“My whole body jerked,” she said. “I feel so sick. I feel their pain. I feel their confusion, their denial, their shattered life, their nightmares.”
She said she still wonders what was going through her daughter’s mind as the plane went down.
“Was she calling us? Was she calling me?”
Chris said dealing with the bureaucracy involved in a loved one’s death in a foreign country has been “very difficult.”
“There’s so many different little minor things, but each minor thing is major from our perspective,” he said. “Because you have to relive everything again.”
It took the family at least four months to get a death certificate from Ethiopia. When the document arrived, parts of it weren’t in English — which meant translators were needed to process government paperwork, book a funeral home and settle Danielle’s estate.
While the Canadian embassy in Ethiopia helped arrange for the families to visit the crash site, Clariss said it ended in disappointment: they only had 30 minutes on the ground.
“They took us from the site,” she said. “That was not enough for me, that I fly from so far away and travel so far away.”
The task of claiming Danielle’s belongings was especially painful. The couple sifted through an online database of photos of items recovered from the crash site; to claim each individual item they had to prove to authorities that it belonged to their daughter.
On what would have been Danielle’s 25th birthday, an envelope arrived with her shoes inside — black flats she would have worn to the conference she was supposed to attend. The Moores still can’t bring themselves to open that package.
‘My heart stopped’
The Moores also described the process of bringing their daughter’s remains home as “dehumanizing.” Clariss said that as she stood at the airport with her son, next to the tiny coffin containing the few human remains that could be found, she was left with almost no time prior to boarding to absorb the moment and collect herself.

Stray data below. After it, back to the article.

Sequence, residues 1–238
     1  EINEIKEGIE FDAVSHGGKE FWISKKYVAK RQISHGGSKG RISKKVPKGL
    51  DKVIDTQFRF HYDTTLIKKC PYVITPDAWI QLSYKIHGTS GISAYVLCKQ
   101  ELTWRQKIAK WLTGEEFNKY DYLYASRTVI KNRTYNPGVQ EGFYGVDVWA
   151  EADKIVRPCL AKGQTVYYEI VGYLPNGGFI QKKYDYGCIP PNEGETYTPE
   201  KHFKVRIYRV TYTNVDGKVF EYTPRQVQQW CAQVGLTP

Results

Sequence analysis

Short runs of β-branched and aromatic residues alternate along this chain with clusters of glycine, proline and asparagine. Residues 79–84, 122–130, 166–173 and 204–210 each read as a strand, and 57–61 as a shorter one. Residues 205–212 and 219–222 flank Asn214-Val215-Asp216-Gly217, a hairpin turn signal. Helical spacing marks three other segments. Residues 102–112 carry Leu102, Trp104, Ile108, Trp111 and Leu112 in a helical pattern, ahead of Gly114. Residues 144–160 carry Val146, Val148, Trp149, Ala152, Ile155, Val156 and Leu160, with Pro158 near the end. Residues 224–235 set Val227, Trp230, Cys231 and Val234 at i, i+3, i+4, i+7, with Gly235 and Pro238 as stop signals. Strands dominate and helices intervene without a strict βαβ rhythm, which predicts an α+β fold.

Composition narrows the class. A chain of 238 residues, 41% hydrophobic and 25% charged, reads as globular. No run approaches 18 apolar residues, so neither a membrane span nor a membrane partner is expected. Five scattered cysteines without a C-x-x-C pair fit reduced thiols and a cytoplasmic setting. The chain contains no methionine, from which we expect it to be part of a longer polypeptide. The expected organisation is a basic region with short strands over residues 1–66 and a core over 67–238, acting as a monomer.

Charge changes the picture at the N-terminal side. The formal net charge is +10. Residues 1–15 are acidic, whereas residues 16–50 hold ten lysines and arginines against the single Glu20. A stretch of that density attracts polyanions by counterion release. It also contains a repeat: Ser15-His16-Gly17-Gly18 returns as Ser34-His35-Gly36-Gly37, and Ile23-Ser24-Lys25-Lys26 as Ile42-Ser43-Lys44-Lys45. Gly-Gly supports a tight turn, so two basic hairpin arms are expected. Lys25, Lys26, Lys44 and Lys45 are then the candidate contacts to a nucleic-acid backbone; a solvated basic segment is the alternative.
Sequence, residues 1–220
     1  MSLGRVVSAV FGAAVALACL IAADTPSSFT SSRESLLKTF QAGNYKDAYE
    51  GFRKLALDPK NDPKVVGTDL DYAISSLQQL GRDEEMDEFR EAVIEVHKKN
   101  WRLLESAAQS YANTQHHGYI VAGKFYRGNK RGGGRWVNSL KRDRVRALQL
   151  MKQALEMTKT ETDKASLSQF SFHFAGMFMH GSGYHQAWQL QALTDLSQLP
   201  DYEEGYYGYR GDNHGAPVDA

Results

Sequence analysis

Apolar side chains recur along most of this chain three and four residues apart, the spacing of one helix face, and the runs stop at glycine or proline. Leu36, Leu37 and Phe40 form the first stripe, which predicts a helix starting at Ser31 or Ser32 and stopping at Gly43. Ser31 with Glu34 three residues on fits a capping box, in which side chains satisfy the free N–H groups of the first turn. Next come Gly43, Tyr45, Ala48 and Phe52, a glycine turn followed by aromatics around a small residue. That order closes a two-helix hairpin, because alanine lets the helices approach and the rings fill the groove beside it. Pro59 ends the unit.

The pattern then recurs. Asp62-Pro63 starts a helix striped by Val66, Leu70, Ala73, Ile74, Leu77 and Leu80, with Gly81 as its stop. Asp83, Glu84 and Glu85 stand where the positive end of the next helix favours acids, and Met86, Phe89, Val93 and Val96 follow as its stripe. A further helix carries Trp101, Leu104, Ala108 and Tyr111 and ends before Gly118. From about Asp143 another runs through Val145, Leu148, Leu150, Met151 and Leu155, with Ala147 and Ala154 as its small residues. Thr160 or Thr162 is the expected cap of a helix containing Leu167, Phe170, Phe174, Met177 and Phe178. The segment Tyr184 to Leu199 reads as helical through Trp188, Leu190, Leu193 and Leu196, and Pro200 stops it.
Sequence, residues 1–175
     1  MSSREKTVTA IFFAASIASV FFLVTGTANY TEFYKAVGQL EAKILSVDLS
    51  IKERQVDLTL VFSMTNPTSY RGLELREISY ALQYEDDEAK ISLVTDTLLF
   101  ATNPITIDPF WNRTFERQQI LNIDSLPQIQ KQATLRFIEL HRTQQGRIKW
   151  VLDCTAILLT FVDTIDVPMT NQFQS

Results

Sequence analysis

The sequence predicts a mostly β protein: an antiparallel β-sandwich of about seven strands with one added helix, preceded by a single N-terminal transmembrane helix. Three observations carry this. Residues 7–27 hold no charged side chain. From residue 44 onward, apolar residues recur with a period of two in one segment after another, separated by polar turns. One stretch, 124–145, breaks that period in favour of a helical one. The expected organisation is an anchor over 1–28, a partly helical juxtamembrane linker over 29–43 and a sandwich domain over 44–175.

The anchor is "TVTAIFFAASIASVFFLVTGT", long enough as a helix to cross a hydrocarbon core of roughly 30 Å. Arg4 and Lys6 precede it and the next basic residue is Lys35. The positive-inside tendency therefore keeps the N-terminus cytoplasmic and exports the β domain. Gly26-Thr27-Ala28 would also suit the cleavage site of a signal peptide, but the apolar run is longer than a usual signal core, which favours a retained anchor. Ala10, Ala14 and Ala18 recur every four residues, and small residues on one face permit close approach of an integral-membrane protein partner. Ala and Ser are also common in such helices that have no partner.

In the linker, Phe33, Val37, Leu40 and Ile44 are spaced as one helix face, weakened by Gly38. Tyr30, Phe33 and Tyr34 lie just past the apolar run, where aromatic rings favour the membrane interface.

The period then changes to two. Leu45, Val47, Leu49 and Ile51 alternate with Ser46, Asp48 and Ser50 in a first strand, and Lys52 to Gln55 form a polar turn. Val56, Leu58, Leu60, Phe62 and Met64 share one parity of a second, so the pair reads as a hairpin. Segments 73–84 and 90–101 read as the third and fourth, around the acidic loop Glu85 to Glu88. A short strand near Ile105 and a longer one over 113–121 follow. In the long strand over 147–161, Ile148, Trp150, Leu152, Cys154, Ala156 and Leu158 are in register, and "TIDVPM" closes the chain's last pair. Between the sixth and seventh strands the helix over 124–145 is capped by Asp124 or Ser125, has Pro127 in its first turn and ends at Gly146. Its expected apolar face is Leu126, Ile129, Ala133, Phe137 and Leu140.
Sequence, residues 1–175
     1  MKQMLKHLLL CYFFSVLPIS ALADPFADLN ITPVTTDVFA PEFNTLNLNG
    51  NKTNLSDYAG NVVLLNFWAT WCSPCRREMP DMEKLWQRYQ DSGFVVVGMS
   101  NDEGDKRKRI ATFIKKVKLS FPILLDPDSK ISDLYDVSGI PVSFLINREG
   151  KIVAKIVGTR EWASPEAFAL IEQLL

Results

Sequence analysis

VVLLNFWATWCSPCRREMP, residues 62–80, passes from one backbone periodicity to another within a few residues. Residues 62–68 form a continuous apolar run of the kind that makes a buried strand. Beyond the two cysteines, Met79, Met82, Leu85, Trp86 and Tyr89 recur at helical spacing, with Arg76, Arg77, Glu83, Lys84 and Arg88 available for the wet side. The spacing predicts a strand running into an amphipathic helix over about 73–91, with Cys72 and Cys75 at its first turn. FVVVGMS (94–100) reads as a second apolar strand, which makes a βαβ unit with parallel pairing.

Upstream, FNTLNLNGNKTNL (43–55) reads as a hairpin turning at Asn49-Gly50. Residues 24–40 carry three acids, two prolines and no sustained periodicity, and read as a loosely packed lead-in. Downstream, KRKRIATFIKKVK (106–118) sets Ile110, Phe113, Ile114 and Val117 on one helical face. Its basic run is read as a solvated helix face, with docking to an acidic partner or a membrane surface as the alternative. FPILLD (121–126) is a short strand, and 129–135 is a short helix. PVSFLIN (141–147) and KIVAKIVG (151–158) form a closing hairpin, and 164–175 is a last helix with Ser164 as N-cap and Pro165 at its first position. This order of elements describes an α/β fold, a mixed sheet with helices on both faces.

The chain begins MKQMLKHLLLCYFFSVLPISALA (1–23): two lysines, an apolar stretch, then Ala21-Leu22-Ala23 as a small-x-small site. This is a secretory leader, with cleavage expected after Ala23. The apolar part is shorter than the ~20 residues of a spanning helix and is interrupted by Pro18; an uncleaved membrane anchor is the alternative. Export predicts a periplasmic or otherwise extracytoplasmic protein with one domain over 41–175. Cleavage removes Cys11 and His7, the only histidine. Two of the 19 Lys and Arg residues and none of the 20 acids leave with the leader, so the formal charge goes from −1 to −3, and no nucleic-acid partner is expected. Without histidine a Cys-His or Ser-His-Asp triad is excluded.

“My heart stopped,” said Clariss. “I wanted to open that coffin to see her face. To lift her up. To comfort her. To hug her.”
With little government support, the Moores leaned on other 18 victims’ families for help and comfort.
The Moores said together families started requesting meetings with Canadian officials this summer to learn what the government knew about the Boeing 737 Max before their daughter’s death. The government, preparing for an election at the time, went into caretaker mode until the new cabinet was introduced at the end of November.
The day after the crash in Iran, Nicolas Robinson, the director general for civil aviation, met with families of the Ethiopian air crash victims for four hours and answered questions. The meeting had been arranged with families ahead of time. Chris Moore said he wasn’t satisfied with the answers they got about what Canada knew after the Indonesian crash.
“They were very secretive,” he said.
There are two ongoing safety investigations into the Ethiopian Airlines crash taking place in Ethiopia. U.S.-based Boeing is also facing a criminal probe by the U.S. Justice Department and is being sued by the families of some of the people who died in the crashes.
Transport Canada is working with other civil aviation authorities around the world to co-ordinate allowing the 737 Max to fly again. Boeing will be required to make changes to the design of the jet and/or training and procedures of flight crew before the planes can return to service, according to Garneau’s office.
In a statement to CBC News, Garneau said he “knows that maintaining open lines of communication with families is essential going forward.”
“That is our priority,” he added. “As minister, I will not lift the flight restrictions on the Boeing 737 MAX 8 until we are fully satisfied that all safety concerns have been addressed by the manufacturer and the FAA and that enhanced flight crew procedures and training are in place.”